Changing The Way You Deal With Your Child’s Mental Health

childHelen Keller was treated as a mentally disturbed child yet her disabilities were physical and her mind was clear. But her ability to communicate with her environment was limited and she came from a time in which mentally ill children were often treated as a blot against the dignity of the parents. Society was void of knowledge, understanding and the courage to reject the so-called curse of a mentally disturbed child.

Kindness abounded, but little was done to change the circumstances. People like Anne Sullivan were among the uncommon. There weren’t many blind/deaf girls that enjoyed a world encounter at the faucet of a hand-cranked water pump.

 

A New Approach To Your Child’s Mental Health

 

A recent article from the National Technical Assistance Center for Children’s Mental Health brings to light a new conceptual framework for helping to ensure that your child has the opportunities that many of Helen Keller’s peers never received.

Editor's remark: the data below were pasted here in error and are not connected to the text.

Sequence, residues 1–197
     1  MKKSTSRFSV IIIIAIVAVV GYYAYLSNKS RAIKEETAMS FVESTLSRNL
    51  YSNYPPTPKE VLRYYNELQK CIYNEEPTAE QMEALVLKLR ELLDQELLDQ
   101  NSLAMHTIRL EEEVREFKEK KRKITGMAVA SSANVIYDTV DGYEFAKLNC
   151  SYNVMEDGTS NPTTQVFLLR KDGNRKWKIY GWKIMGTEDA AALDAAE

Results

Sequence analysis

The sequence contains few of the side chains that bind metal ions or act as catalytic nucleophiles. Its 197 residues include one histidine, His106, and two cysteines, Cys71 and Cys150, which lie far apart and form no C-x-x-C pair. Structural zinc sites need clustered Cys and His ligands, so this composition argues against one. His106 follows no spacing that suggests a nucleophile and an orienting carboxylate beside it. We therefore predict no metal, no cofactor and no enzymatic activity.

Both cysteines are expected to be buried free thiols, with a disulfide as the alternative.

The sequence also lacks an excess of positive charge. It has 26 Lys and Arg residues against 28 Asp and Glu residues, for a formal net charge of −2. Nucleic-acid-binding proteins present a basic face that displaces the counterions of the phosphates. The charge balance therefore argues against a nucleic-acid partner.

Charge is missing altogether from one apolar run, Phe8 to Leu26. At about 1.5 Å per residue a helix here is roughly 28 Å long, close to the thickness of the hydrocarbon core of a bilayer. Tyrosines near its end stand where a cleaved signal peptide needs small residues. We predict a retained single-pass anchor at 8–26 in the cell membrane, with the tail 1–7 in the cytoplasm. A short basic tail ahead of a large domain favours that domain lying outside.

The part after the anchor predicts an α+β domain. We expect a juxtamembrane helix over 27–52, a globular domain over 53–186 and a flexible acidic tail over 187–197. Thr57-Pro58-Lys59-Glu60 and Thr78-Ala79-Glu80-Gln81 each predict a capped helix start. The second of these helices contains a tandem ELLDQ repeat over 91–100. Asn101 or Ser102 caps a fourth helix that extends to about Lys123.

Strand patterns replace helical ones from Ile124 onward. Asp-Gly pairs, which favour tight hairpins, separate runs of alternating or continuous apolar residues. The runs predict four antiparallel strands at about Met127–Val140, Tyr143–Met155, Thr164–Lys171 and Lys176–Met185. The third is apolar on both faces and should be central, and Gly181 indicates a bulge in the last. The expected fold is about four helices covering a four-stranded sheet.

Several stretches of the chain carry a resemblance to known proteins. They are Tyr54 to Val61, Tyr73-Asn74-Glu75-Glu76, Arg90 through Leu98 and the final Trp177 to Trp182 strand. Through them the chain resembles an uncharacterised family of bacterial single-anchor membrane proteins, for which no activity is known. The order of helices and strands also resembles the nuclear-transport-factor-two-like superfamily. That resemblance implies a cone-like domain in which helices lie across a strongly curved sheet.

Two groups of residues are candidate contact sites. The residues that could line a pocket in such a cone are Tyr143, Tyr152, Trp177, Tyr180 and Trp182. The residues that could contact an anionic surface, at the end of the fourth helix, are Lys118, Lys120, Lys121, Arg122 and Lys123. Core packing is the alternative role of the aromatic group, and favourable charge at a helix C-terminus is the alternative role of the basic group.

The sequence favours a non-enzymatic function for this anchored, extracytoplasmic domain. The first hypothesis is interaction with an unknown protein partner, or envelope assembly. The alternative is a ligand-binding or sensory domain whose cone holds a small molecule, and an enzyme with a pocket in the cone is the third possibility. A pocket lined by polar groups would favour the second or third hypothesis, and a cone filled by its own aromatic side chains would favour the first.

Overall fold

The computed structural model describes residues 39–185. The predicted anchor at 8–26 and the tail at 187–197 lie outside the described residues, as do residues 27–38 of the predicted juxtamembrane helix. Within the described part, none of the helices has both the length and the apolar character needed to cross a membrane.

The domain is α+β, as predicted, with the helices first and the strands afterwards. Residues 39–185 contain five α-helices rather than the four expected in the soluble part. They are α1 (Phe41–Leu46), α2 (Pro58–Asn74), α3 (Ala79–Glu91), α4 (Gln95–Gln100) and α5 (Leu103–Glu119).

The new approach uses the impact of System of Care values to promote enhanced child development. The process focuses on healthy environments, physical health and mental health.

The core approach applies three primary principles:

  1. Identify a child’s mental health problems
  2. Help the child learn to optimize their mental strengths
  3. Focus public health concepts on areas that strengthen your child’s physical health, mental development and mental health.

Three major elements make up the conceptual framework of the program:

  1. Establish principles of application
  2. Establish a set of rules concerning public health response to circumstances
  3. Establish an expanded range of public intervention.

When functioning correctly, this new model of managing children’s mental health will promote better focus on positive mental health. Parents, teachers and authorities will work to prevent mental health problems through treatment and by reclaiming ground previously loss due to poor intervention.

Leaders of policy roles, federal and state facilities and local programs may soon take a “Big” hand in your child’s mental health. The question:

Is it “Big Brother,” interference or is it providing something that the children of Helen Keller’s age never had the opportunity to receive?

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